That looks wonderful! I think Mr. SmTucker will have to eat this meal before I pull the plug completely. A few nights of spicy Chinese food and one meal of FISH broiled salmon has brightened his spirits and he is willing to let me jump back in.

        1. re: smtucker
          qianning Feb 25, 2012 09:56 AM

          Thanks, it was good, I think Mr SMT is in for a treat if you do make it. Funny, I have just the opposite problem....Mr. QN can't get enough of Japanese, while I'm ready for some Thai or Sichuan food.... oh, well banking some "my choice" credits for Greek month, more my thing than his.

          1. re: qianning
            smtucker Feb 25, 2012 11:36 AM

            Maybe we should swap for a week! :-)

        2. re: qianning
          Allegra_K Mar 17, 2014 10:30 AM

          Qianning, have you found a soba recipe that was moderately successful? Looking to attempt this soon, but hoping for some guidance. I found light and dark buckwheat flour at the bulk food store, do you know which is preferred? This should be an interesting experiment--I hope it holds together.....

          1. re: Allegra_K
            qianning Mar 17, 2014 12:03 PM

            Not the answer you were hoping for, but I've had such bad luck with soba recipes that I eventually gave up and use dried.

            One thing that I did learn during the phase of trying to make them by hand which might (big if there) be helpful is that not all buckwheat flour is the same. IMO, avoid the Bobs Red Mill stuff--really gritty. Best I found was some locally milled buckwheat flour.

            And as for soba recipes of all the batches/recipes I tried it was the recipe from "Takahashi's Noodles" that worked the best. Good luck!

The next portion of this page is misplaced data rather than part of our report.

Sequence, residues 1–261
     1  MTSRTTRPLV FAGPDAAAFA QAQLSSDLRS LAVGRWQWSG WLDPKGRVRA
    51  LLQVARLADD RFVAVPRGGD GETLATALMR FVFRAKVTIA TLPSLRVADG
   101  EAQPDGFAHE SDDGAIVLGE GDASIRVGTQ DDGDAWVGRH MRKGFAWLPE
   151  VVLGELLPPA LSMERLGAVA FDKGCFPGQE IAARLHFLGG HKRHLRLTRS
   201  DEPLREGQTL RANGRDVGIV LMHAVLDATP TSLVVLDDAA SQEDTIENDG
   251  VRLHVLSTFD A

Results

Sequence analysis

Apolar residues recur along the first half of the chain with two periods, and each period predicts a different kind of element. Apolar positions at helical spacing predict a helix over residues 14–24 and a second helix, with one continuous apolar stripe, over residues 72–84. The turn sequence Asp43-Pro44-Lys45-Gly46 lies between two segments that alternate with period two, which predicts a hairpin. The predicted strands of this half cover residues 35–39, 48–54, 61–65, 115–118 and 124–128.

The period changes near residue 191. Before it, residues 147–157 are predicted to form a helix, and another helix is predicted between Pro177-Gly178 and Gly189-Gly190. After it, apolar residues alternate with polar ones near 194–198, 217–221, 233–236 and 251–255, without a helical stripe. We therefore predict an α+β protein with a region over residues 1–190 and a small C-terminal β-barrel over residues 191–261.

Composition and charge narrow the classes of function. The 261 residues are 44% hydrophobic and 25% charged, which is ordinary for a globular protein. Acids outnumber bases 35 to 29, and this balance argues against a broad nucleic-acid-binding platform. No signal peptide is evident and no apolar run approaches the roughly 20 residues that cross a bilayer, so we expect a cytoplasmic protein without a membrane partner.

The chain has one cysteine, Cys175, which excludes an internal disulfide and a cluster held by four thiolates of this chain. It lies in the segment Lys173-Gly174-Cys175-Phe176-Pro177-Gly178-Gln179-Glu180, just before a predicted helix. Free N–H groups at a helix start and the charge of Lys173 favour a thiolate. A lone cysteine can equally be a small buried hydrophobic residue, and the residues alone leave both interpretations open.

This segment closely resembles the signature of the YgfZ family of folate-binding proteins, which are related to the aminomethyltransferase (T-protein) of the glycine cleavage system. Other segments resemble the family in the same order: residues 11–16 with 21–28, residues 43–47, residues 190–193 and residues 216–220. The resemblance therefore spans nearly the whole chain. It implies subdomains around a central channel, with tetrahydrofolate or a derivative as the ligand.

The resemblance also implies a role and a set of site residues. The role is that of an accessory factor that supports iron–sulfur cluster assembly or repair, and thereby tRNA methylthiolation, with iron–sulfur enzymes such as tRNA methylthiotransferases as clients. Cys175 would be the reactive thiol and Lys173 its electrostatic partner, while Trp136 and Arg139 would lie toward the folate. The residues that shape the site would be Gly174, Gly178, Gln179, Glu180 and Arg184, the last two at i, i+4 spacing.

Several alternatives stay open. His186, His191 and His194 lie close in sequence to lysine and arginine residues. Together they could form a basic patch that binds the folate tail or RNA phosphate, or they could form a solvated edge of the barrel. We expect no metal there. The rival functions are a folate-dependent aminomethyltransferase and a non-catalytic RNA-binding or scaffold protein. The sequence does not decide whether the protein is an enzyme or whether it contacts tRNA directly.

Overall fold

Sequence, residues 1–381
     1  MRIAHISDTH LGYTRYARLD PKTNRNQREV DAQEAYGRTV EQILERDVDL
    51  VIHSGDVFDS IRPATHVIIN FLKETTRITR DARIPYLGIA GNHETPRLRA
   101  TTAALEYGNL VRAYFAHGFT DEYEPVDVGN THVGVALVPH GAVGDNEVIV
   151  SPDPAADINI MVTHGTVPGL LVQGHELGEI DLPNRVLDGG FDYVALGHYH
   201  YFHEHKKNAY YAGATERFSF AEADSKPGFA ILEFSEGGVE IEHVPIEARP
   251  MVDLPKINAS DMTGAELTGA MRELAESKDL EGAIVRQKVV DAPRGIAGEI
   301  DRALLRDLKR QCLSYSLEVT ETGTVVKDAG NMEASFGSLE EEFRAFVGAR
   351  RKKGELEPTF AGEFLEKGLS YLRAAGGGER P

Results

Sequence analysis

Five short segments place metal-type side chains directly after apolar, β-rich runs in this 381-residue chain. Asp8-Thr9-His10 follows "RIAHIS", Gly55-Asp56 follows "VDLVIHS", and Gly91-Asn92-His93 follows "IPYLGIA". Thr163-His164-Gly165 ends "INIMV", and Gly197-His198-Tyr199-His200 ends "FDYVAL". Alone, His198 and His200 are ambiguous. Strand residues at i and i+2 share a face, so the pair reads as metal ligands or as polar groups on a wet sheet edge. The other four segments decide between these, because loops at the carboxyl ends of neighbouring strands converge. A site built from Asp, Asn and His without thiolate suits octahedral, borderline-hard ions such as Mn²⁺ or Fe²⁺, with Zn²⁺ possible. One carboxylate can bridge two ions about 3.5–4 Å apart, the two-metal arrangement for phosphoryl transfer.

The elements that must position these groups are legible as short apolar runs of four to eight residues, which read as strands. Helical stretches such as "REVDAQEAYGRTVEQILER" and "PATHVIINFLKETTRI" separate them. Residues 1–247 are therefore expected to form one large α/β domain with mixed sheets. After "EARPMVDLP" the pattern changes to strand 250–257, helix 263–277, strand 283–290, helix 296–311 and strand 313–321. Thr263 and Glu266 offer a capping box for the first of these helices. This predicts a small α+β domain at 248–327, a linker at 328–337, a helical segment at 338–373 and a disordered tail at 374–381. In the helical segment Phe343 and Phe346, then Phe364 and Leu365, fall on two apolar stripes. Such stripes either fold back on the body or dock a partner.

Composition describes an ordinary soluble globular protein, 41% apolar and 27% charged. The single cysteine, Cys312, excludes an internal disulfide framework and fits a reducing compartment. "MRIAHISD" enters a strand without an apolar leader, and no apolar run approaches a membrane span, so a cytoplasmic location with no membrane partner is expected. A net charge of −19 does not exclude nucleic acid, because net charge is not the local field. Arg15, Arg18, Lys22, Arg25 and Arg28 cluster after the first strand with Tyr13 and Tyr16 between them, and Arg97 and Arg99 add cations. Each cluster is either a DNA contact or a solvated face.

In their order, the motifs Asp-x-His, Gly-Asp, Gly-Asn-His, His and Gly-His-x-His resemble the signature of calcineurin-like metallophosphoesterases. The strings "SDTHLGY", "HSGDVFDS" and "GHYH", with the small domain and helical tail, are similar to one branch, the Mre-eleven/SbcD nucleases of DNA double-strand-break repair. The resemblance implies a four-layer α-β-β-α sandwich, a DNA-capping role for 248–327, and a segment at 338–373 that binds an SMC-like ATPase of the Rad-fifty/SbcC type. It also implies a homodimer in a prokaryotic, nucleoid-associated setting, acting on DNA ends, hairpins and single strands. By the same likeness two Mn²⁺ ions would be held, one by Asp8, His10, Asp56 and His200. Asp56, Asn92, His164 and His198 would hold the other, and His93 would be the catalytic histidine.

1. re: qianning
              Allegra_K Mar 17, 2014 01:30 PM

              Thanks anyways! I guess it'll just be some good ole'-fashioned trail and error.
              Now if can only distinguish the unlabelled bag of buckwheat flour from the sorghum flour.....

        3. q
          qianning Feb 11, 2012 06:53 AM

          yakidofu, what a great way to use a small quantity of dofu.

          1. q
            qianning Feb 11, 2012 06:39 AM

            Chicken One-Pot (Mizutaki) pg. 262

            Prepping this it seemed like the dullest dish in the world. I really thought it was going to be a disaster. Boy was I wrong. This made a delightful, flavorful winter dinner, that I would serve again, even to company, in a heartbeat.

            The process is simple enough, put lightly blanched cut up bone & skin on chicken pieces (I used a combination of drumsticks, a thigh and chicken backs) in a pot with cold water and a piece of kombu, bring slowly to the boil, just at the boil remove the kombu, simmer the chicken for 20-30 minutes, skimming as needed. This did need several skims, but worth it as the result was a lovely clear broth. When the chicken is just cooked through remove the pieces to a platter, moistening them with some of the broth. Reserve the chicken & broth. Meanwhile prep the vegetables and noodles.